Last week, an 8-year-old boy drowned after falling into a pool abroad a Royal Caribbean cruise ship off the coast of New Jersey. The death comes in a string of almost a dozen drowning or near-drowning accidents on cruise ships in the last two years.
Many cruise ships have large public pools and even water parks, but no lifeguards on board. That's because most cruise ships are registered in foreign countries that don't have the same safety standards as the United States. Though the ships are saturated with entertainment options for both children and adults, the dangerous risks associated with those entertainment activities are often done at the risk of the cruise participants.
But while they are out at sea, cruise ships follow a different set of standards altogether: maritime law. Though cruise ship companies try to limit their liability, the companies are still responsible for some types of injuries that result from negligence, incompetence, or willful acts of abuse.
Last fall, a man was awarded $21.5 million dollars in damages for an injury that occurred on a Holland America cruise. In 2011, 61-year-old James Hausman was struck by an automatic sliding glass door on the cruise ship. Doctors aboard the cruise ship noted that Hausman had a chipped tooth, a cut on his face, and a minor concussion, but Hausman continued his scheduled cruise.
When the cruise finished and he got back to shore, Hausman visited another doctor. He was suffering memory loss, seizures, and vertigo. New doctors told Hausman he had a mild traumatic brain injury. Hausman is one of 34 passengers who were injured by automatic doors on Holland America ships between 2008 and 2011.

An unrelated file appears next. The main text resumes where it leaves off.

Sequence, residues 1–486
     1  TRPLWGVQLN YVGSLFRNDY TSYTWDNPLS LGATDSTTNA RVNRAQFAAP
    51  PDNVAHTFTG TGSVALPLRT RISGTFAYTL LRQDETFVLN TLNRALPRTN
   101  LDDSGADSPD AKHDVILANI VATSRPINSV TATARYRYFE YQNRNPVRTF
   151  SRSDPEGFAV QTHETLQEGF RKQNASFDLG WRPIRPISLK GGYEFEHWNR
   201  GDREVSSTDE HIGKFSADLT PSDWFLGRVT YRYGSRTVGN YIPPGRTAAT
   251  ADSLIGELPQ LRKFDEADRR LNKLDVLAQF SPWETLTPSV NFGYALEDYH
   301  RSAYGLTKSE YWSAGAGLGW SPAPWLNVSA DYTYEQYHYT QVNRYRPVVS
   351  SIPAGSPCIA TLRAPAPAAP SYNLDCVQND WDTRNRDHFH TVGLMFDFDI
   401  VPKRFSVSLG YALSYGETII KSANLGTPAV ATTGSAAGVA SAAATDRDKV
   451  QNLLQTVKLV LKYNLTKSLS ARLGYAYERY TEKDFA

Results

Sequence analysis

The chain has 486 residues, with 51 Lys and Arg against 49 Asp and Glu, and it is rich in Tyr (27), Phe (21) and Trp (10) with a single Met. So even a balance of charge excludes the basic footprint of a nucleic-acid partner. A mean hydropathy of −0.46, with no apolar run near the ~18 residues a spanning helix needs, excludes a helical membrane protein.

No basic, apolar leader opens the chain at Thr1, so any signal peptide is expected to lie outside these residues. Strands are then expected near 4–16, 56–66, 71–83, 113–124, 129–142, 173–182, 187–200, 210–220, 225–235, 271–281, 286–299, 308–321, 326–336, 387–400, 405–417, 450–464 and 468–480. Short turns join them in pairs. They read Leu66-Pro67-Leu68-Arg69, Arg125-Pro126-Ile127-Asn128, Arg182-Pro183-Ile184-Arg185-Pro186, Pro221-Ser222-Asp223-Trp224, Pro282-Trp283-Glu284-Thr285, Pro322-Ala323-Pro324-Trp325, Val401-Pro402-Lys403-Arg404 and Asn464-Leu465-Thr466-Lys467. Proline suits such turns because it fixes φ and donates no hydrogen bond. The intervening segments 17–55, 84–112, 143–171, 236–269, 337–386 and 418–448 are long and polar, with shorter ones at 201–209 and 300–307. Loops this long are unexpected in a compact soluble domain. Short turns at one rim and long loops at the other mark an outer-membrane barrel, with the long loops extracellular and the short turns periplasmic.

Hausman's attorney argued that the cruise ship failed to follow recommended settings for the automatic doors, setting them to close more quickly to conserve air conditioning. Holland America continues to insist that Hausman walked into the doors himself, and that the doors were functioning safely. The award includes $16 million in punitive damages against the cruise line
Cruises are also notorious for spreading food-borne illnesses to passengers like norovirus, also known as the stomach flu. According to the U.S. Center for Disease Control, in the first five months of 2016, nine different cruise ships reported incidences of norovirus. These outbreaks can occur when cruise ship operators improperly prepare food, fail to warn passengers about recent outbreaks of the virus, or fail to deep clean the ship after such outbreaks.
Other cruise ship injuries include:
- Overboard falls
- Dock accidents
- On-shore injuries during port stops
- Boat fires
- Falling objects
- Slip and fall accidents
- Physical assaults
- Accidents caused by the negligence of the crew or other passengers
If you or a loved one has suffered an injury on a cruise ship, you need to speak to an experienced personal injury attorney. Call our offices today to schedule a free consultation.